Viscosity is an important property of liquids to determine how they flow, spread, or level under certain conditions. It can be defined as a liquid’s internal resistance to flow. Being able to measure the viscosity will allow to predict the behavior in a process or an application. When applying a paint by roll application the paint viscosity will strongly influence the amount of paint applied per surface area, thereby determining both yield and hiding power. It is crucial for liquid products to undergo a viscosity measurement in incoming and outgoing QC.
This frequently asked question deserves clarification as there are several viscosity values to qualify a product:
Kinematic viscosity n (nu), resulting from a flow time measurement, takes account of gravity and concerns rather less viscous fluids and simple rheological behavior: Newtonian fluids. It is expressed in Stokes, cStokes or cm2/s.
Dynamic viscosity h (Eta) qualifies most formulated products; it is free from the effect of density and is most measured with rotary instruments. It can consider the rheological behavior of the product, which gives it an absolute character. Its units are Pa. s and mPa. s (1 mPa.s = 20°C water viscosity) or Poise or cPoise.
In the field of polymers, there are other viscosity values such as specific viscosity, intrinsic viscosity, and relative viscosity, which make it possible to calculate the average viscous molar mass of these polymers in solution.
It is therefore important to clearly define what information you want to collect before embarking on a measure of “viscosity” that could prove difficult or unnecessary to better qualify your product.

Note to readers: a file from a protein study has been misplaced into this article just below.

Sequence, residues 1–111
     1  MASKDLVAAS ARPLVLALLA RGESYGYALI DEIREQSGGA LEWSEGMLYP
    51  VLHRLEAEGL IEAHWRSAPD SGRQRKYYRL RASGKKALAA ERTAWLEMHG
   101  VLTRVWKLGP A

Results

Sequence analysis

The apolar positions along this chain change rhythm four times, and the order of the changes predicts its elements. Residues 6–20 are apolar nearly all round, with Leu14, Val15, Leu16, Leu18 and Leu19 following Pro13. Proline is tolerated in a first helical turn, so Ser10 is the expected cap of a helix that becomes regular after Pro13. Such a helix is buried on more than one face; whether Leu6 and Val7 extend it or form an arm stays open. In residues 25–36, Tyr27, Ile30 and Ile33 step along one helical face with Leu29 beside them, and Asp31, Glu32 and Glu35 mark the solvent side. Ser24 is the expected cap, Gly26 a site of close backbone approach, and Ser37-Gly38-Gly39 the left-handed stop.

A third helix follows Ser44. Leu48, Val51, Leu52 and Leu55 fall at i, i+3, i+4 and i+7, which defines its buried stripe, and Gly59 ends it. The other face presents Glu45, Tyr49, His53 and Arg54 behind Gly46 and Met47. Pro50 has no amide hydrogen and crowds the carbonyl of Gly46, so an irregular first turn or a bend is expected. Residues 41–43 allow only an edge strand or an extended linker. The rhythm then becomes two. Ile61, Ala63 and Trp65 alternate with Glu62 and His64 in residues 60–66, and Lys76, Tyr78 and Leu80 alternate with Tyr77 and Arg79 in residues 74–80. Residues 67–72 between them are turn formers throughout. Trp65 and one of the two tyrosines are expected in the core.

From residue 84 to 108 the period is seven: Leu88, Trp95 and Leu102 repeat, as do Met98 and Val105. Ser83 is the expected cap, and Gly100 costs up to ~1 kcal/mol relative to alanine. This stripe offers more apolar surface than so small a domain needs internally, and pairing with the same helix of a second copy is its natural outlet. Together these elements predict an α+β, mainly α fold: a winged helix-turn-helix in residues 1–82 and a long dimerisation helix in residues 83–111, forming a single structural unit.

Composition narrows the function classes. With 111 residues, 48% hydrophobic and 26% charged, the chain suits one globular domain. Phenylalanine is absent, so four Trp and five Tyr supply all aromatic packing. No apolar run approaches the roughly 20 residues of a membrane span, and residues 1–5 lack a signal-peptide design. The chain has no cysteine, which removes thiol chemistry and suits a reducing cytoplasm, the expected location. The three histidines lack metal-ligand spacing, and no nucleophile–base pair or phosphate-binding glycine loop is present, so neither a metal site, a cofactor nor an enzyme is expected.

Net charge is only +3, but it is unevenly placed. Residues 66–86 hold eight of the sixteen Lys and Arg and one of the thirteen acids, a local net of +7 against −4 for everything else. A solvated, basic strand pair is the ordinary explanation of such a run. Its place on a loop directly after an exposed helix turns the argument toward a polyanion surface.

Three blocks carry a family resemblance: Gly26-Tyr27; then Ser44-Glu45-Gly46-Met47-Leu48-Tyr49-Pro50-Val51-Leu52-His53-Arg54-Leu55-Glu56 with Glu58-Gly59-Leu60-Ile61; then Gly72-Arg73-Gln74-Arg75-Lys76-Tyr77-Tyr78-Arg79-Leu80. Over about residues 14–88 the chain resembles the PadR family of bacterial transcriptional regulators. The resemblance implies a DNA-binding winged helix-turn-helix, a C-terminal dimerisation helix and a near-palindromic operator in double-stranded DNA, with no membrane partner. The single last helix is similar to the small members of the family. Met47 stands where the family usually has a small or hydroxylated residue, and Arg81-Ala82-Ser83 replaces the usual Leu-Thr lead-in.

The answer to this question raises other questions:
Why do I need the viscosity value? Meet a standard, check the stability of the product quality, validate an industrial process, innovate, provide a specification to a customer.
Defining the purpose of this measure is the first step.
Does the temperature at which I am measuring reflect the time I want characterize? it is very important to be as close as possible to what the product undergoes in its life cycle.
Do the quantified results of this measure allow me to identify discrepancies that I judge between two products? The precision of a measurement is not enough to make it relevant.
What information should I communicate around this viscosity value? Specify the standard used where measurement conditions will help to dialogue between services, with your customers and your suppliers.
Why don’t I find the same viscosity value as my supplier?
This very frequent and quite legitimate question has its source in the notion of rheological behavior, which we will deal with in the second chapter. This requires a precise and clear dialogue on the measures established by each other. The more information that accompanies the viscosity value provided, the more it is easy to refer to it to make a measurement in the closest conditions with its own means.
Of course, some standards in place or product constraints – available volume, test temperature, product type – will require the use of identical or use versatile instruments that will adapt to most of the stated conditions.
As viscosity is not a constant physical value to measure, therefore it is important to know the varying parameters which could influence this value during a quality measurement.
The most important factors to know or control are the following:
Temperature, because according to the chemical formulation of sample, the temperature could affect the viscosity value. Even the increasing of temperature will give lower viscosity values, it is recommended to compare samples’ viscosities or to be in accordance with standard values.
Speed or shear rate is the major parameter which influence the viscosity of formulated products, that are non-Newtonian fluids. This induces to use defined or standard geometry where this parameter is well-known; like cone-plate, coaxial cylinder systems.
Time is the third variable to control for several types of products, because viscosity has tendency to decrease when the shearing is longer than if it is short. This thixotropic effect is rare, but it could affect drastically process and trouble also accuracy of viscosity control.